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Nuclear Fusion

Fusion is seen as the key to the future: its fuels are near exhaustible; it is inarguably safe, unlike its fission counterpart, and it is available all year round. With the current drive to abolish fossil fuels, huge investment has been focused into it, facilitating huge jumps in the area and the potential unlocking of fusion.

The idea behind fusion is to fuse atoms together, like how hydrogen nuclei fuse to create helium within the intense heat and pressure of stars, and harness the substantial energy released by the exothermic reaction. The most common type of fusion is that of the two hydrogen isotopes deuterium and tritium. It occurs at lower temperatures than other elements, has a high energy yield, and deuterium is reasonably common, making up about 1 of every 5, 000 hydrogen atoms in the sea, so just a gallon of seawater could provide the energy equivalent of 300 gallons of gasoline. However, tritium is radioactive, with a half-life of 12.32 years: only trace amounts formed by the interaction of the atmosphere with cosmic rays can naturally be found on Earth. Fortunately, tritium can be manufactured from lithium, and though the U.S. stopped doing so in 1998 (choosing instead to recycle tritium from dismantled nuclear weapons) it now plans to resume, exposing lithium to energetic neutrons within a pressurised water reactor to create new supplies of tritium.

The ideal scenario though, is deuterium–deuterium fusion. Experiments within the JET (Joint European Torus) have proved its feasibility, but the 400-500 million °C temperatures needed (rather than the 150-200 million °C temperatures required for deuterium–tritium fusion) will make it difficult to facilitate.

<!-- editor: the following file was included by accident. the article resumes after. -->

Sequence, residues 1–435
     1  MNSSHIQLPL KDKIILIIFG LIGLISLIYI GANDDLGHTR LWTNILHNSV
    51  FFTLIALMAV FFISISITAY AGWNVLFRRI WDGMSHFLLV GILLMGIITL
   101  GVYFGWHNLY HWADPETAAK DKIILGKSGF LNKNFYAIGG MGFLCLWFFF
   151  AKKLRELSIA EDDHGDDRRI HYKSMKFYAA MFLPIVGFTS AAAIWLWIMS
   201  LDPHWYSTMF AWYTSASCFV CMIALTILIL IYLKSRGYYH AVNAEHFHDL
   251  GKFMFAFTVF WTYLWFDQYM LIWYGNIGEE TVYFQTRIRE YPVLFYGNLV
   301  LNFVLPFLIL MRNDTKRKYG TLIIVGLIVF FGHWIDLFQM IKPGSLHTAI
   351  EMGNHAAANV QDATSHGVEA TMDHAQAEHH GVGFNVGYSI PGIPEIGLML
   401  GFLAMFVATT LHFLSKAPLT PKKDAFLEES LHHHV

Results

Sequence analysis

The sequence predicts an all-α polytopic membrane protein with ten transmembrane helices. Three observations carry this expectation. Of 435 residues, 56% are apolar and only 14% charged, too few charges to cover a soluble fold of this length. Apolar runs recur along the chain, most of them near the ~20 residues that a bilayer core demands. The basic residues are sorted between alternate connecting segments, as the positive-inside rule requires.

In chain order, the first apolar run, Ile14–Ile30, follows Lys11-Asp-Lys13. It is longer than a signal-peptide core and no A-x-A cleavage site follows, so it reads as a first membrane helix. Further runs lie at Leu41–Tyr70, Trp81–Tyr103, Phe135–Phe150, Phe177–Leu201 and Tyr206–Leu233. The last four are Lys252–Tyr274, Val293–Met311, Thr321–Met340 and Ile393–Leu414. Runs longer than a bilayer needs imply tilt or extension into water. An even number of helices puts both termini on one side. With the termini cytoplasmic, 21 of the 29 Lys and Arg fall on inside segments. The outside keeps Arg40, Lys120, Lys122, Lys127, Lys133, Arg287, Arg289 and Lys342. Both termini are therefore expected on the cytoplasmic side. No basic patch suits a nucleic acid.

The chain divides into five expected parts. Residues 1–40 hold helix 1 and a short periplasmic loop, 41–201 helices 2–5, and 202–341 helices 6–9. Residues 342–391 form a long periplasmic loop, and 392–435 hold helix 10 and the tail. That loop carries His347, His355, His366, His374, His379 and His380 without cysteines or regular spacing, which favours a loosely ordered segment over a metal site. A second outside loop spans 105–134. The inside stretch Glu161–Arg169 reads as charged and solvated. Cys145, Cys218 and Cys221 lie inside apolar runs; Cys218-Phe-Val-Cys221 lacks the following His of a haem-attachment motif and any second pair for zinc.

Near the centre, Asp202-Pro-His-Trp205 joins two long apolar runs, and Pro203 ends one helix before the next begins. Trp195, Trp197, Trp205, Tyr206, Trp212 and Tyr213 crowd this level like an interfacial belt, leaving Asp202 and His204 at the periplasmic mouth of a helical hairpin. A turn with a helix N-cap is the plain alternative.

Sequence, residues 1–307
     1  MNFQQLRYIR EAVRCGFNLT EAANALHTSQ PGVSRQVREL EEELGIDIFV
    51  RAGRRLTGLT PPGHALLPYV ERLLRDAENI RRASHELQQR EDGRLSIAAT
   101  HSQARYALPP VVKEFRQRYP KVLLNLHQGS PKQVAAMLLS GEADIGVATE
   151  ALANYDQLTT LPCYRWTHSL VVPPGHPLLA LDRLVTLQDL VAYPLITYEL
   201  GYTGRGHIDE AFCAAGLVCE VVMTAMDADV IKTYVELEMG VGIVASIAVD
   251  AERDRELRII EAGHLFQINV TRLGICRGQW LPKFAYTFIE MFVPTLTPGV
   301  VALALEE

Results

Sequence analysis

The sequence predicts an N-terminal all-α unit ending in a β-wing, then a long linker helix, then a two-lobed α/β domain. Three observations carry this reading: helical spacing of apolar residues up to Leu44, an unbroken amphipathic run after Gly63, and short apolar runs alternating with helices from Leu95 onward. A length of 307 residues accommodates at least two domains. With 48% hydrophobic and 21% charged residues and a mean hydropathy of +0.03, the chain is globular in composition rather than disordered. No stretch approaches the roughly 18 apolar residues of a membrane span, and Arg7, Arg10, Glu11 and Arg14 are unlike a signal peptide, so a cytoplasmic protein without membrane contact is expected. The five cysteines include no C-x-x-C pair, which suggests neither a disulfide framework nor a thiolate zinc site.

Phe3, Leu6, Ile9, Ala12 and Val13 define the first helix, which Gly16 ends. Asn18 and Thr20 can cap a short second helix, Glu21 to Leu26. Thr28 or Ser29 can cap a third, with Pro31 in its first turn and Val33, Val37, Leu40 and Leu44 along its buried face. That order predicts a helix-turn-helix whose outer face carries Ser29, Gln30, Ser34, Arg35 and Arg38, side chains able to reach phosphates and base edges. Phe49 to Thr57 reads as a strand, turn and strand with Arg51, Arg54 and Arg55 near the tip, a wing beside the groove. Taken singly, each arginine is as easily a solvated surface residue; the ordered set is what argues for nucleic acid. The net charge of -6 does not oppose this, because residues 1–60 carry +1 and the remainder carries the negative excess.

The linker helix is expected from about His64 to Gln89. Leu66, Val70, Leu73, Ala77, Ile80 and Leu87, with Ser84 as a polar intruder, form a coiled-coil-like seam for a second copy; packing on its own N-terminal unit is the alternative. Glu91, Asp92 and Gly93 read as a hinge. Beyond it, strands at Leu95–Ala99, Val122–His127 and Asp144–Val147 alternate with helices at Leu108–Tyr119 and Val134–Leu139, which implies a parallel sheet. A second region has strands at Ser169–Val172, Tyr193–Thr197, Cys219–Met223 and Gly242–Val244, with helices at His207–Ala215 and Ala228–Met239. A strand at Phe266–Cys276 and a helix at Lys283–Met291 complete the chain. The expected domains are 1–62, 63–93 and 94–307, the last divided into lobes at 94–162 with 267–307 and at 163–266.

Fusion temperatures are so high that the resulting plasma (an ionised gas) can easily vaporise vessel walls. There are two main containment systems: inertial (ICF) and magnetic confinement (MCF). ICF compresses and heats targets filled with thermonuclear fuel, by depositing energy onto the target’s outer layer (typically by the use of laser beams), which causes an outward explosion. This explosion creates a reaction force against the remainder of the target, that accelerates inwards, compressing the fuel through shock waves and heating it at the same time. The aim is for the fuel to continue fusing after the compression stops, and the world’s biggest operational ICF facility, NIF, has come tantalisingly close, with an experiment that reached 70% efficiency in 2021. This is close to ‘ignition’ (100% and above efficiency), at which the excess energy necessary for fusion to be a viable power option is apparent. MCF, creates magnetic pressure on the outside of a ring of fusion plasma and injects fuel throughout the reaction, keeping the fusion fairly constant. It is the system used in tokamaks, of which there are 250 worldwide, making them the most common fusion reactor design.

Tokamaks also use magnetic fields to heat the plasma to fusion temperatures, and then divert the excess heat created into other parts of the reactor to create turbine-turning steam.

The currents are produced by the transformer, a central solenoid. By reducing the transformer’s size, plasma could be created in a smaller space and higher pressures applied. This has two huge benefits. Firstly, it will majorly increase energy output, as fusion power should increase per square of pressure and secondly, the use of smaller coils diminishes costs, as it is no longer necessary to supercool the tokamak conducting coils.

TAE technologies, the world’s largest private fusion company, has already announced that it will have a commercially viable nuclear fusion reactor by 2030 showing the era of fusion is drawing even closer. JET has succeeded in generating 16MW of fusion power, for 24MW used to heat to plasma, setting a record, and fusion is estimated to one day, provide 10% of the world’s energy needs. When this happens, civilisation will find its houses lit up with the power of stars.

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